Category Archives: music

2018 Game Review Haiku, #24 – The Flood

Find serenity
Amidst destruction, simply
Enjoy the journey

For 2018, I’m mixing things up by fusing my marvelous artwork and even more amazing skills at writing videogame-themed haikus to give you…a piece of artwork followed by a haiku. I know, it’s crazy. Here’s hoping you like at least one aspect or even both, and I’m curious to see if my drawing style changes at all over three hundred and sixty-five days (no leap year until 2020, kids). Okay, another year of 5–7–5 syllable counts is officially a go.

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All Our Asias surreally explores Yuito’s dying father’s mind

Even the Ocean was one of my favorite games in 2016. Analgesic Productions crafted a game of platforming and exploring, with just the right amount of challenge to not make it feel like a cakewalk, while also weaving a tale of friendship and loss and impending doom that, to this day, still sits inside me, gnawing at my stomach. Aliph’s quest to fix a bunch of power plants to stop the foretold invasion of flood-bringing monsters is not a straightforward affair, nor a happy one, but it’s something she does because…someone has to take charge. More power to her, if you ask moi.

Similarly, Yuito’s mission in All Our Asias is also on a bit of a time-crunch. This is a completely free to play, surreal as surreal gets 3D adventure, about Asian-America, identity, race, and nationality. It comes from Sean Han Tani, one part of Analgesic Productions and the co-creator of Anodyne, which, alas, I’ve still not gotten to play. In this one, you play as Yuito, a Japanese-American hedge fund analyst in his early thirties. His estranged father is dying, and it’s too late for Yuito to communicate with him; however, thanks to advances in technology, despite his father being on life support, he can enter his father’s Memory World, which is a supernatural landscape full of the man’s experiences and secrets. The technology is nascent, and the process is risky, but Yuito has questions and wants answers.

Gameplay is twofold–walking and talking. To explore this Memory World, Yuito glides around inside a tiny tank-like vehicle, something that instantly made me think of that bright red tank from the PlayStation 1 Ghost in the Shell game (I briefly experienced it via one of those demo discs). You’ll find people to chat with, who will often guide you to the next area or offer a tidbit of info about this strange, hypnagogic realm. He’s trying to learn more about his father, but not everyone is forthcoming with information; in fact, there’s an entire sidequest about restaurants and instituting new tax policies that I didn’t entirely understand or see how it was connected to the big picture, though it does tackle issues about race and shared sympathy and other sensitive topics generally not explored by this medium. Movement is slow, most likely deliberate, which gives you time to observe the environment and eat up the soundtrack. You can do a short-hover jump to help with ledges and staircases, but this is by no means a puzzle platformer, and beating the game gives you a cool upgrade to help speed exploring up…though I didn’t feel compelled to keep playing.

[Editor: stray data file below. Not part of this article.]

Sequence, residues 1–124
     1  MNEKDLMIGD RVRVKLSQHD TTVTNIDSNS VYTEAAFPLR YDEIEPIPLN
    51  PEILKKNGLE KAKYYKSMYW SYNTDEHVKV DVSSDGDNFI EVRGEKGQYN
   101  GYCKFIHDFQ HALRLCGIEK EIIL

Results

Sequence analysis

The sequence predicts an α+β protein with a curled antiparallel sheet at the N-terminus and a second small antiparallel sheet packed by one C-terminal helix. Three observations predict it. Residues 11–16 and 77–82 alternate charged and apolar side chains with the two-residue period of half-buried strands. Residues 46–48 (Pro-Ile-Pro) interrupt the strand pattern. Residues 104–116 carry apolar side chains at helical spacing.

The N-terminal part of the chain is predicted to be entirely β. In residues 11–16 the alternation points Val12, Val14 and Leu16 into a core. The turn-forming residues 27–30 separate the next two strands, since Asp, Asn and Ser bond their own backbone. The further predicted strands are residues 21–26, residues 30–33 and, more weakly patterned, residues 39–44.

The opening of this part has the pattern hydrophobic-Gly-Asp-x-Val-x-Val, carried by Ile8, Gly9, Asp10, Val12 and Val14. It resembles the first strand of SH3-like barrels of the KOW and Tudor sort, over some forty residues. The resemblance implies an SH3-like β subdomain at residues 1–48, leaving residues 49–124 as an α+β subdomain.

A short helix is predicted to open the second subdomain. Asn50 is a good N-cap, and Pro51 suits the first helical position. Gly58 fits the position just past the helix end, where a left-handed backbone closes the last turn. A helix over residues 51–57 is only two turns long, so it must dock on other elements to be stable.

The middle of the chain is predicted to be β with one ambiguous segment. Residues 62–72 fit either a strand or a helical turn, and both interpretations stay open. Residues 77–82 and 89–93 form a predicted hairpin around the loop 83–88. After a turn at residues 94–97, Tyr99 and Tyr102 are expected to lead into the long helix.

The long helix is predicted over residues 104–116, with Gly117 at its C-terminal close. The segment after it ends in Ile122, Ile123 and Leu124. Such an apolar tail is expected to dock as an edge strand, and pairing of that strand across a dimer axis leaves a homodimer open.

I genuinely love the look of All Our Asias. Sure, my first gaming console was the Super NES, but when I eventually did that terrible thing of trading in a ton of my games to get credit to buy a PlayStation 1 from Toys”R”Us, rest in forthcoming peace, I was taking a big step, one that would forever impact my history with gaming. Here was a console I was getting myself, not as a birthday or Christmas gift, but through the sacrifice of others, and boy was I going to get the most out of this system. I played the heck out of Final Fantasy VII, Metal Gear Solid, Bushido Blade, Silent Hill, The Granstream Saga, Chrono Cross, Resident Evil, and so on. I become one with low resolutions and polygons, with fog designed to purposely mask load times or pop-in, with in-game character models with next to no details beside shapes and some color. Exploring All Our Asias forces your imagination to see things bigger and better, to look past its flat textures and chunky models; it’s a blend of walking simulator-esque gameplay and emotionally complex storytelling, drenched in 32-bit visuals, and I love it.

Sound-wise, All Our Asias is a dream. Again, I’m never not lost on the difficulty of describing music via words, but please, take a listen. It’s soft, it’s mesmerizing, it’s soothing. You’ll at once feel like you are floating above a city skyline on a gorgeous September morning while also zipping through the innards of a dying man’s mind where thoughts and memories race against each other, fighting for attention, scrambling for security. Somehow, the soundtrack never overtakes the story, but provides ambiance and a haunting sense of dread, and I can’t get over how pretty of a tune “Somewhere’s Meadow” and “What Will He Retain?” are for the ears. Getting lost a couple of times and unsure of where to proceed next wasn’t frustrating, as it just meant I got to listen to some more songs.

Right. All Our Asias is not perfect and certainly not for everyone. It’s focus on narrative and slowly moving towards the next story beat will probably feel like a chore for many; however, I found myself instantly sucked into this world, curious to know more, much like Yuito himself. I won’t stand here and say I understood everything it was going for and definitely could not relate to some of its themes, but your mileage may vary, and you won’t know until you give it a click.

2018 Game Review Haiku, #12 – A Raven Monologue

A raven walks town
Questions about how to croak
Experimental

For 2018, I’m mixing things up by fusing my marvelous artwork and even more amazing skills at writing videogame-themed haikus to give you…a piece of artwork followed by a haiku. I know, it’s crazy. Here’s hoping you like at least one aspect or even both, and I’m curious to see if my drawing style changes at all over three hundred and sixty-five days (no leap year until 2020, kids). Okay, another year of 5–7–5 syllable counts is officially a go.

2018 Game Review Haiku, #11 – Banyu Lintar Angin – Little Storm

Follow three siblings
Through rural Indonesia
Splendid, swell soundtrack